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Fr. 769

February 28, 2017


With the help of the secondary literature, Weber traces the development of Rawls’ views on education from early to late work. From Rawls’ more robust view of person as life-plan in Theory, he moves to a more skeleton account in Liberalism. In both instances, a minimal view of education seems to be at issue. Certain commentators have attempted to rehabilitate this more minimal version as citizenship education. In what do they consist more precisely?

For Rawls, the political is insulated from other nonpublic spheres. Accordingly, any view which sees the need to link the political and the citizen to nonpublic spheres will be able to countenance a view like Rawls’ on which citizenship is not “informed by the study of music, languages, mathematics, engineering, philosophy, religion, and so much more” (p. 119). Whether such a view can make the challenge without question-begging remains to be seen. (For his part, Weber seems at least partly guilty thereof.) Certainly, Rawls is to receive credit for his attempt to cultivate political virtue. But, in attempting to isolate conceptions of the good from politics and education, the thinker can only with difficulty make a case for citizenship education. As Weber suggests:

“Such a society cannot leave people of varying comprehensive doctrines in separate compartments. Citizens must be aware of each others’ [sic] fundamental values if the great dangers of the blind use of black boxes are to be avoided. We must open up the black box and see what we can do to live together” (idem.).

Though the term “black box” is here used to refer to conceptions rather than concepts, it may still reasonably be seen to apply. As to the argument itself, Weber means to claim that Rawls’ thin conception of education will ultimately leave persons poorly positioned to engage in the kind of inquiry which democracy necessitates. As an instance of Rawlsian education, the author cites a passage from Liberalism in which education amounts to a mere set of rights and facts to be memorized. Such does not suffice to meet Rawls’ stronger demands that education must prepare persons to be cooperative and self-supporting.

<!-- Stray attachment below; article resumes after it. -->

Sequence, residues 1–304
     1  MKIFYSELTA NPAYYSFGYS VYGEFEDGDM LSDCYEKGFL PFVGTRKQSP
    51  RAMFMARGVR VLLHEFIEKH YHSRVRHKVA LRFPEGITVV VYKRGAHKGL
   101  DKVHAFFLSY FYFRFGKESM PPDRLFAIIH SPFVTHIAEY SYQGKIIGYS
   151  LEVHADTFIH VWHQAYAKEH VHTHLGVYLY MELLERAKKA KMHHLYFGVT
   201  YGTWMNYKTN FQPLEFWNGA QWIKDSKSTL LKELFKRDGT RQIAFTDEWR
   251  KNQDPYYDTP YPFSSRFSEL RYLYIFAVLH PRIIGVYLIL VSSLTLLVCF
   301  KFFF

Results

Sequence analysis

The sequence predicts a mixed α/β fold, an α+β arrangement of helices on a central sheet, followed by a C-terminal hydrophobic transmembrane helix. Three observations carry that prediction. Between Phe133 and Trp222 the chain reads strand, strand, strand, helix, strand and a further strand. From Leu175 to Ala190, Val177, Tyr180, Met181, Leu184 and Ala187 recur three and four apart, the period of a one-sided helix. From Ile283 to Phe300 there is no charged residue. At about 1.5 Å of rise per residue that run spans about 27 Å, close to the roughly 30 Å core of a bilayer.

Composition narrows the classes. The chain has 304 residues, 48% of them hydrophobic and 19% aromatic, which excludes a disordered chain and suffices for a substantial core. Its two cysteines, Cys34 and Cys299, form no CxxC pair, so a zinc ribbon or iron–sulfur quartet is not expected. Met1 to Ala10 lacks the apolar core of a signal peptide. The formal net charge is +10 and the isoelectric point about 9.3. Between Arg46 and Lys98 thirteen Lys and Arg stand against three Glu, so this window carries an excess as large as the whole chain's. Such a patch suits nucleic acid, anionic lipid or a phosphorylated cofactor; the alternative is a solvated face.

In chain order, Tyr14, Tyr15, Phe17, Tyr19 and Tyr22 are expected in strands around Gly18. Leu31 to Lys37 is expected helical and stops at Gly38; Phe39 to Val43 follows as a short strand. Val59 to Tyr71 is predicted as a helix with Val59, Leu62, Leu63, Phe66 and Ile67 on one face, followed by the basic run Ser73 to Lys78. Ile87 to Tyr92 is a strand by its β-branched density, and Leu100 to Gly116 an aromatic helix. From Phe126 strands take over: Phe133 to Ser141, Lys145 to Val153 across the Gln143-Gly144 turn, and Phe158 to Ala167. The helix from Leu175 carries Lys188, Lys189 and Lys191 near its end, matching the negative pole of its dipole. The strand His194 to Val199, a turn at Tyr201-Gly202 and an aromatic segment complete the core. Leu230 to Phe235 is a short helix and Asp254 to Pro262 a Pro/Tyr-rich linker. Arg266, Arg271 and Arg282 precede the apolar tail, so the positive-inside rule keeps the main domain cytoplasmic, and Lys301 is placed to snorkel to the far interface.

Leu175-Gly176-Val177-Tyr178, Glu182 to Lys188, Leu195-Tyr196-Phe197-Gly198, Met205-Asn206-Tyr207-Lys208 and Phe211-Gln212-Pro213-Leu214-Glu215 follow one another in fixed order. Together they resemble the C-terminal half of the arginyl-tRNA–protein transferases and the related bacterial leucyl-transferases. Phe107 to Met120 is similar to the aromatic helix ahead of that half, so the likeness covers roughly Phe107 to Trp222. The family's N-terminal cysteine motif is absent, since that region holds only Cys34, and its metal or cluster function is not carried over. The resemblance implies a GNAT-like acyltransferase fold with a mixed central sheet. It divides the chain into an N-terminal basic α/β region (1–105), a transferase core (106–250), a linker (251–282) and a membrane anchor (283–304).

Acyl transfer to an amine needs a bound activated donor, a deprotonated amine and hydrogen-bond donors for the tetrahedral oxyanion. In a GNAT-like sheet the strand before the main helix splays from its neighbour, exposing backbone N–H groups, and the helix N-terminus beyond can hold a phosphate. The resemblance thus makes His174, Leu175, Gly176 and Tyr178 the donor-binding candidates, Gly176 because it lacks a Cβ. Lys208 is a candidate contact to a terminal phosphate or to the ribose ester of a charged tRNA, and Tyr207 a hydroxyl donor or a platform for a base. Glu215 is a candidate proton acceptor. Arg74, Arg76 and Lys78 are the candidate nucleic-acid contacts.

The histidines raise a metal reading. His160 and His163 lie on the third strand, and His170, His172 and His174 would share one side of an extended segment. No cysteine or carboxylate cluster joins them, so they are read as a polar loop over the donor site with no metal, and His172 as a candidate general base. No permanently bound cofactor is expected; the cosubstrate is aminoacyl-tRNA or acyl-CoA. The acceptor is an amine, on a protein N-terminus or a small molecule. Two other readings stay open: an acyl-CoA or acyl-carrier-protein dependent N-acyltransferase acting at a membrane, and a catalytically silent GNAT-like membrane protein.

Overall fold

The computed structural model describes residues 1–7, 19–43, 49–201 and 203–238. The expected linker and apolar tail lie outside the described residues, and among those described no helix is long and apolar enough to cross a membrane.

To arrive at these demands, the author maintains that an educational theory like Dewey’s imposes itself and can reasonably fill the gaps left by Rawls’. On the notion of growth, Dewey would maintain that persons are ends to the same extent that they have ends. Accordingly, growth “is not simply to have a fixed goal” (p. 120), and educational theory must allow for a measure of plasticity as regards students.

Thereafter comes the notion of guidance, which “governs the selection of habits and the process by which judgments can be made concerning what habits to establish in the future” (p. 121). In particular, this notion brings out the extent to which students are individually and jointly responsible for the direction of inquiry. Education is not merely a question of subject matter, but, more importantly, of learning how to learn. Related to this notion is that of environment or social environment, by which Dewey would designate others’ activities implicit in the person’s own activity and the need to measure the worth of a person’s activity in relation to others in order to promote desirable forms of community. For such, it is isolate those factors most conducive to the student’s education as an end in herself, as a person with an individual history and context.

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